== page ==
Jay Ward, Animator


J. Troplong “Jay” Ward, Animator

Ward Residence: 2925 Russell Street
Office: 2 Tunnel Road

Jay Ward was a Berkeleyan celebrated for his pioneering role in television animation. Ward and his childhood friend, Alex Anderson, teamed up to create the memorable character Crusader Rabbit in the early days of television. Some years later, Ward launched the immortal Rocky and Bullwinkle show in partnership with Bill Scott, an animator who also provided voices for the moose and many other characters. The name Bullwinkle was inspired by a local auto dealership at College and Claremont owned by Clarence Bullwinkel.

Ward’s first career and day job was real estate. After getting an MBA at Harvard, he opened a real estate office at the corner of Ashby and Claremont. The first day that Ward was at his new office in 1947, a freak accident occurred.  A runaway truck crashed through the building and pinned Ward. It was while recuperating from severe injuries that Ward decided to pursue animated cartooning. But he kept at his day job, eventually moving the office to Domingo and then Tunnel Road, where it stayed even after the success of the animating business led Ward to move his family to Los Angeles.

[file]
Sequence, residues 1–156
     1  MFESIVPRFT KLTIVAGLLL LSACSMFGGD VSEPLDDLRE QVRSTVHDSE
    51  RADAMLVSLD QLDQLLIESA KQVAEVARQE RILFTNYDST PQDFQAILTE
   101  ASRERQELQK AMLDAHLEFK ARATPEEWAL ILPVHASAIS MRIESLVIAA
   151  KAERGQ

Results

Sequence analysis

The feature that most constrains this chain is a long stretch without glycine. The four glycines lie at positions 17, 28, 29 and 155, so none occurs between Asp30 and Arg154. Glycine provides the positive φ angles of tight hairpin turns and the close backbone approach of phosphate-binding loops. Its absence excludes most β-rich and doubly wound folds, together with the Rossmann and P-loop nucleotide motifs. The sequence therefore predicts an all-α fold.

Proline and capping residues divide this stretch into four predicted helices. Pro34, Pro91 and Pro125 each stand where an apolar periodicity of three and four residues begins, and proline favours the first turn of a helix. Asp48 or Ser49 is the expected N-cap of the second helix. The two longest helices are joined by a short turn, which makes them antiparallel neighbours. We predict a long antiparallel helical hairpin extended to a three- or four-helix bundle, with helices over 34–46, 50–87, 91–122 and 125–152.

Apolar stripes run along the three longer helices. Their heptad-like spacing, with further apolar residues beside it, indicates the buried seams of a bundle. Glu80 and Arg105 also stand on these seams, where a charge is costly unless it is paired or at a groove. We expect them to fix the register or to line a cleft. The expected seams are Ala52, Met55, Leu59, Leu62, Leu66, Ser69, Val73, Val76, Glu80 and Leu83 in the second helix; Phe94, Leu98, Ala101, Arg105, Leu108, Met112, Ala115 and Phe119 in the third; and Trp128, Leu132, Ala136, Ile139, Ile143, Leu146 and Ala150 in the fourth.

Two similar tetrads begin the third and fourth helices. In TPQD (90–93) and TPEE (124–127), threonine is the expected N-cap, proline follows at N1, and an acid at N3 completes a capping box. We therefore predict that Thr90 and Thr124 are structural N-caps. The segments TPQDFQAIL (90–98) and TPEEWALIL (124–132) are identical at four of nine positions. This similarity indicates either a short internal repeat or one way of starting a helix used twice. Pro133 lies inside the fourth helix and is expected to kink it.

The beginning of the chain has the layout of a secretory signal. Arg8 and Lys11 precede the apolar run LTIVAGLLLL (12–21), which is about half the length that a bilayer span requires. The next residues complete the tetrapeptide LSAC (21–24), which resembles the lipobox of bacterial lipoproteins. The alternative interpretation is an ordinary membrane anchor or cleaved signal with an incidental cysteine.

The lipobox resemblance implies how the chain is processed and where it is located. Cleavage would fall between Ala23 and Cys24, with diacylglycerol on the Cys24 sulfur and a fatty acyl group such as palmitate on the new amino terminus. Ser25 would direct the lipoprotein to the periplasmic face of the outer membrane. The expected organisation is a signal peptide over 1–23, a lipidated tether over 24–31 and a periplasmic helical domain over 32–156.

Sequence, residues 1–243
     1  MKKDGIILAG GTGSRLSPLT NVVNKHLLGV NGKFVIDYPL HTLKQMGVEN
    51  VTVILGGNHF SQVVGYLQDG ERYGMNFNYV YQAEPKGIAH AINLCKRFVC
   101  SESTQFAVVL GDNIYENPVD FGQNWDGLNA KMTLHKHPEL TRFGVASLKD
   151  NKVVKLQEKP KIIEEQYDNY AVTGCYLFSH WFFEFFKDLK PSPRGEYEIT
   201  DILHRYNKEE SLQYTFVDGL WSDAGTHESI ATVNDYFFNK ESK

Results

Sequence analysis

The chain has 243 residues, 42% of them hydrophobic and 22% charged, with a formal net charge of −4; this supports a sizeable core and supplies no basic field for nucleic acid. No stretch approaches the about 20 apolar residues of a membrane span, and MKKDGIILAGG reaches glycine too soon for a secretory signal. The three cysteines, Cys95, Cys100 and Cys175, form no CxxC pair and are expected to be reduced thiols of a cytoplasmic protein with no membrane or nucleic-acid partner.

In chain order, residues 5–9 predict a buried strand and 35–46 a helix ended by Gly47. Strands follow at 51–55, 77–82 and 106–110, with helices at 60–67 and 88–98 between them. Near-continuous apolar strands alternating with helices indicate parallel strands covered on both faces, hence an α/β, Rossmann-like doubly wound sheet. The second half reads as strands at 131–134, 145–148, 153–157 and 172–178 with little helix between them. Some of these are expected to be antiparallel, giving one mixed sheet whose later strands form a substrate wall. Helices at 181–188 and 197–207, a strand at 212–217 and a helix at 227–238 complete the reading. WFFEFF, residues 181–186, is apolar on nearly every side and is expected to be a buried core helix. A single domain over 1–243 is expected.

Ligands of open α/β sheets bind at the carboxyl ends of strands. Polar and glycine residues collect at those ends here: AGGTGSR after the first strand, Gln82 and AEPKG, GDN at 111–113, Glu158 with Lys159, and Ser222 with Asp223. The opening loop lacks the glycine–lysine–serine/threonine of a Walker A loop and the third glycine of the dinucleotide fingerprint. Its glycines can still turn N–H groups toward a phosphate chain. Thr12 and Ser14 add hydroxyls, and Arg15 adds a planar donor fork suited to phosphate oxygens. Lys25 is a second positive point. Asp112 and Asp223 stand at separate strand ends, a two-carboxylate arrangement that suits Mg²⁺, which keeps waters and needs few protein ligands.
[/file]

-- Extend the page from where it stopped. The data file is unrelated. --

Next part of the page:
The Rocky and Bullwinkle show was remarkable as a cultural product. It invented a format that appealed to children on one level while drawing in their parents with wordplay and satire. Moreover, its humor tended to the subversive; it joked about  U.S.-Soviet conflicts while the Cold War was at its height. This is another instance where countercultural ideas nurtured in the Bay Area entered the cultural mainstream and struck a powerful chord.

Contributed by Fred Block, 2012

  • Ward Residence, 2925 Russell St. (2012), photo R. Kehlmann.

  • Rocky and Bullwinkel, ABC Photo Archives.

  • Rockey and Bullwinkle, photo mysa.

  • Cap'n Crunch and his creator Jay Ward, photo Neatorama.

Photo credit abbreviations:
BAHA: Berkeley Architectural Heritage Assn.
BHS: Berkeley Historical Society